August 31, 2019

Source: Bigstock

GSTAAD—I was reading Julie Burchill’s review of my friend Candace Bushnell’s Is There Still Sex in the City? when one of the reviewer’s insights struck me like a stiff left jab to the noggin: “Those who have persisted in carrying on creakily have become increasingly embarrassing.” Ouch! Could she have the poor little Greek boy in mind? Of course not, I told myself, but then…never mind. A little paranoia at my age is normal.

I felt better the next day when a Dutch TV crew of five arrived in the Alps to film a program called How to Be a Man. It stars one man—me—and it will be shown on Dutch national television in November. Yippee! Margriet van der Linden, a statuesque, Viking-like tall blonde, and a real pro, put me through the wringer. Rarely have I been asked so many intelligent questions, challenging at times but never intrusive or embarrassing. We spent three days talking about manhood in the age of #MeToo, and filming when I mixed it up in karate training with my sensei Richard Amos.

More about karate later, but how to be a man nowadays is quite tricky. If one reads the lachrymose prose of, say, Roger Cohen in The New York Times, what passes as a man of good sense and taste means someone without courage or originality. (Actually, it’s worse—reading Cohen reminds me of a queasy teenager squeezing his pimples. La Goldberg is even worse.) A sense of duty never to leave a wife, but also a sense of entitlement never to give up a mistress, just about defines manhood as far as I’m concerned. The Dutch lady was very good in the manner in which she took me around my life; it was obvious she had read the Spectator columns with evangelical zeal, because she knew all about me. She wished to know what has happened to men, and my answer was #MeToo. Some of these brainless female American hustlers are even challenging men’s literary achievements. A female clown critic recently wrote that Zelda Fitzgerald’s madness was due to the fact that her husband, Scott, cribbed from her. Imagine the great Scott, author of The Great Gatsby and Tender Is the Night and numerous other heartrending novels, cribbing from the poor, tragic, mad-as-a-hatter Zelda (mind you, a good occasional writer herself, but not anywhere near him). Such are the joys of the American-made #MeToo bullshit.

“Rarely have I been asked so many intelligent questions, challenging at times but never intrusive or embarrassing.”

We spoke a lot about sport. Part of the experience of sport resides in dealing with the finality of it. It’s often a kind of death. This is not true of seminars, lectures, or even reading. (You can always read it again.) Pursuing excellence plus the requirements of courage and personal discipline make sport unique, although most sports are now entertainment, the ethos of sport long gone. The money will do it every time.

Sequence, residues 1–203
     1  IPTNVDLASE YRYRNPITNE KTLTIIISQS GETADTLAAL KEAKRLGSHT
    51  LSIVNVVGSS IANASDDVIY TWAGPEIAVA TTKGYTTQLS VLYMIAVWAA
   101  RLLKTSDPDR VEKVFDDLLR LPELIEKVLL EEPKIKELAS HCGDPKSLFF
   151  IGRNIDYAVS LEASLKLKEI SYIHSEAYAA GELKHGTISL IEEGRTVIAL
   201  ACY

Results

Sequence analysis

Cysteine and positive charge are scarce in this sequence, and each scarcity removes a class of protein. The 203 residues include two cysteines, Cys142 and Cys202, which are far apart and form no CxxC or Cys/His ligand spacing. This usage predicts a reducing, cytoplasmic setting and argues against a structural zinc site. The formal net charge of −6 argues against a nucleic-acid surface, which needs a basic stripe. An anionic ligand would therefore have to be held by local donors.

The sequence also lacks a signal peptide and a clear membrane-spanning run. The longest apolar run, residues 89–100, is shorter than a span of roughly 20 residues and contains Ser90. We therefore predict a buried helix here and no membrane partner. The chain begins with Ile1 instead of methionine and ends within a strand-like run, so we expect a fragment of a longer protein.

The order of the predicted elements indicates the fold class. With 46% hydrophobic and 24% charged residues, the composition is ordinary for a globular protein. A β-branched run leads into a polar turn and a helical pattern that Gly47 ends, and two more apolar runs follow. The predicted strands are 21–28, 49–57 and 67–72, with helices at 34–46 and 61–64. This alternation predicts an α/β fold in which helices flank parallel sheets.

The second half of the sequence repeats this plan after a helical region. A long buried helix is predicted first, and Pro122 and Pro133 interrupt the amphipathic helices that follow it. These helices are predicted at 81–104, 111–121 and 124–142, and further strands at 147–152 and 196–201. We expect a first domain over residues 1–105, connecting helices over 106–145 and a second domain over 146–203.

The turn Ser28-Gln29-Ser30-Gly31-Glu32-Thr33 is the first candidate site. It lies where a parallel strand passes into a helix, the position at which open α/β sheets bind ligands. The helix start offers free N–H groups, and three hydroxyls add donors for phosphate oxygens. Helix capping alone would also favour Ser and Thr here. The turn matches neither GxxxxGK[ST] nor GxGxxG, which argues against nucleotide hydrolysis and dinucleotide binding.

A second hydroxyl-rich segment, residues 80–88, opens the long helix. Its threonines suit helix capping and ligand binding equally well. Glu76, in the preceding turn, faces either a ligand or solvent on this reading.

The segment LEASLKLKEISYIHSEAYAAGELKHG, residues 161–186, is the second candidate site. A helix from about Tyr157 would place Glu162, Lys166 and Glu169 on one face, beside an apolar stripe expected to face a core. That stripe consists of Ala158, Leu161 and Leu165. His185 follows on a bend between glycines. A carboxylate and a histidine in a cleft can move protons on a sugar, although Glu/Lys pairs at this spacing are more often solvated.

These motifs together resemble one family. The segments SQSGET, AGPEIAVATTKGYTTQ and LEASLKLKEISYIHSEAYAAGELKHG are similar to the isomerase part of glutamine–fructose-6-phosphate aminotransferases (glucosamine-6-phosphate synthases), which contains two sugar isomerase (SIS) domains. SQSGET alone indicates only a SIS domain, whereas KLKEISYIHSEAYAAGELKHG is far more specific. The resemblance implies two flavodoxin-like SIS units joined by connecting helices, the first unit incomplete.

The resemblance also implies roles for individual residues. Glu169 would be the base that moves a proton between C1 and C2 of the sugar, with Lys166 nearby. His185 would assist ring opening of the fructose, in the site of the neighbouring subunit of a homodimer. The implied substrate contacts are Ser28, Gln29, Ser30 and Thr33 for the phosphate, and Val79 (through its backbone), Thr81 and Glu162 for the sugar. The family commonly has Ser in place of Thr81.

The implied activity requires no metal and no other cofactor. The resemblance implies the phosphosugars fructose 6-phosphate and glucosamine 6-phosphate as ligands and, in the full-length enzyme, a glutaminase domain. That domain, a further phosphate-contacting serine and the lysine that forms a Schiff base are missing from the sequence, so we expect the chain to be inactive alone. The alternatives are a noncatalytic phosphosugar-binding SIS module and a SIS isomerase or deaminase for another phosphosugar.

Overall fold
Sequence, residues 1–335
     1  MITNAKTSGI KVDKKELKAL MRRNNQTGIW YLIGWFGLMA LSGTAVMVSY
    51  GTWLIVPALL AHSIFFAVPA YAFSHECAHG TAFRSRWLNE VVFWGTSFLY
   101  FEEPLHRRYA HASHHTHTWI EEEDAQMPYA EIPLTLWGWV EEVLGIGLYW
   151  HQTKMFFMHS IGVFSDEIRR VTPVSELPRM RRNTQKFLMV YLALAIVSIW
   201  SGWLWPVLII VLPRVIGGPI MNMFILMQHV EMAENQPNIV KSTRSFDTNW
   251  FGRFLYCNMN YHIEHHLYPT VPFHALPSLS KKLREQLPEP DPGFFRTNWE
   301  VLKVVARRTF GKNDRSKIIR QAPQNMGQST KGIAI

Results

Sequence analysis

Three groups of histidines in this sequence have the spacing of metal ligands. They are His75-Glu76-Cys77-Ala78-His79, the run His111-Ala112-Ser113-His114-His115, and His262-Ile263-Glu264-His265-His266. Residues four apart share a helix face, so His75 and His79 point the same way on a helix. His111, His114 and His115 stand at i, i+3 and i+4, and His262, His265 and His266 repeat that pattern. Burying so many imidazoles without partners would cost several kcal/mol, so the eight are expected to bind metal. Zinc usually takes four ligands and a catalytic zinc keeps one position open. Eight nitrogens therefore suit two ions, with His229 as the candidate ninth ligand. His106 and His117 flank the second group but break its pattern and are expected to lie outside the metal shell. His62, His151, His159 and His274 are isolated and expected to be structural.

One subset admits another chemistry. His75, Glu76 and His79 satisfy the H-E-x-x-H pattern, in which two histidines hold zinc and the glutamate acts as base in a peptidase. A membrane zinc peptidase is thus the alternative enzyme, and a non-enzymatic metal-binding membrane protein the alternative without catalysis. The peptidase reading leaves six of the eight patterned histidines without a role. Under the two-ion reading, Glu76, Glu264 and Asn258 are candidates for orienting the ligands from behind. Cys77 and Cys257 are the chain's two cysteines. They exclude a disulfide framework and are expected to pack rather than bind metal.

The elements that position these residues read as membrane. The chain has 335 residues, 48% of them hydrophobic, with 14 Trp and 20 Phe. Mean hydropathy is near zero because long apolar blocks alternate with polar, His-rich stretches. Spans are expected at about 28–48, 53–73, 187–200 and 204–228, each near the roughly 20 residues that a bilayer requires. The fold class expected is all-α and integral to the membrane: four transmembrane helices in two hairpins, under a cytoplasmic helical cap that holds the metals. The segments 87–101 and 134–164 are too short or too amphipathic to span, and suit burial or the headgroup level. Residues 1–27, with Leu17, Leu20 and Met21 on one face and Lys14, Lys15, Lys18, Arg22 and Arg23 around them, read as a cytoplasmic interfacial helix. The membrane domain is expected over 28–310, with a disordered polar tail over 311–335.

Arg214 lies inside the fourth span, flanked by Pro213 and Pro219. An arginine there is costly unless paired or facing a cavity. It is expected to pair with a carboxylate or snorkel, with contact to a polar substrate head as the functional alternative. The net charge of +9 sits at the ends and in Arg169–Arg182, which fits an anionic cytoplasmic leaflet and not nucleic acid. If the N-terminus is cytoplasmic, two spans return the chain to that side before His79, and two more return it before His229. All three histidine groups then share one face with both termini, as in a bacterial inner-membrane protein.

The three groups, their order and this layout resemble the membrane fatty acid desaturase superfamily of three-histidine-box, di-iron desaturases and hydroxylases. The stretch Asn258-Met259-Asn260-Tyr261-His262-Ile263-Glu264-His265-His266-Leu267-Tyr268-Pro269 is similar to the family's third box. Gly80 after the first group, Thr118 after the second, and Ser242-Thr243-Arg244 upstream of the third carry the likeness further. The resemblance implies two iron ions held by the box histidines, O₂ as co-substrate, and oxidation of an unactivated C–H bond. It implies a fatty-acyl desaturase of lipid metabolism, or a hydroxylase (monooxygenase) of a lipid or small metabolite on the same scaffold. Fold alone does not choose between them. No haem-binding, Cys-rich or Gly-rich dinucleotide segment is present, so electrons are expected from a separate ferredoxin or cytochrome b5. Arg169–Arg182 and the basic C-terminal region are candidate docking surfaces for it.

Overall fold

The TV crew then came to the dojo, where my sensei and I gave them a bit of a show, kicking and punching each other. Richard Amos is as brainy as any karate teacher around and is as tough on the floor as they come. His timing and focus are such that it’s almost impossible to land a solid hit. Margriet was impressed, I could tell, and she asked him some rather brainy questions. After that brief exhibition it was back to hard work, and it made my week. Get up early each morning, drive to the dojo, warm up, and have a go. With 55 years of training experience, I cannot accept that this stage of my karate life will no longer be filled with new possibilities. Getting stronger and faster, kicking higher, those were the old goals. Now I seek to move with less effort and look better aesthetically. The irony of this is that the more one loses one’s self in the inner, unseen workings, the better the technique becomes on the surface.

So, how to be a man? Well, Maxine Blythin—the transgender whose batting average is 105 in female cricket—can tell us a thing or two. As can brainless TV pundits who tell us gender is fluid and not determined at birth. I think a man needn’t be dominant, nor does he need to burst into cringe-inducing tears while looking at reruns of the Harry-Meghan wedding. The discussion with the Dutch lady over tournament money in tennis was spirited. If you want equal pay you compete equally, said yours truly: best of five sets, men and women in the same draw. That’s equality, as in equestrian events. Ditto for athletics. The Dutch did not take sides on that one. Nor on anything else—they just put out their nets and I swam into them.

The mother of my children thinks that the nice Dutch crew will do a hatchet job to top all hatchet jobs on me. I actually don’t give a damn. I said what I believe, and in this age of prime-time hatemongers posing as utopians, the worse I come off, the better I’ll feel. These hatemongers are out to do away with our past, calling it a mythology while spreading misinformation and lies about it. We’ve had a glorious past, and men have played the greater part in it because that is how God meant it to be. Today’s clowns are against nature, and they will not, cannot win. Real women will not allow it. #MeToo should join the circus or go and reproduce itself.


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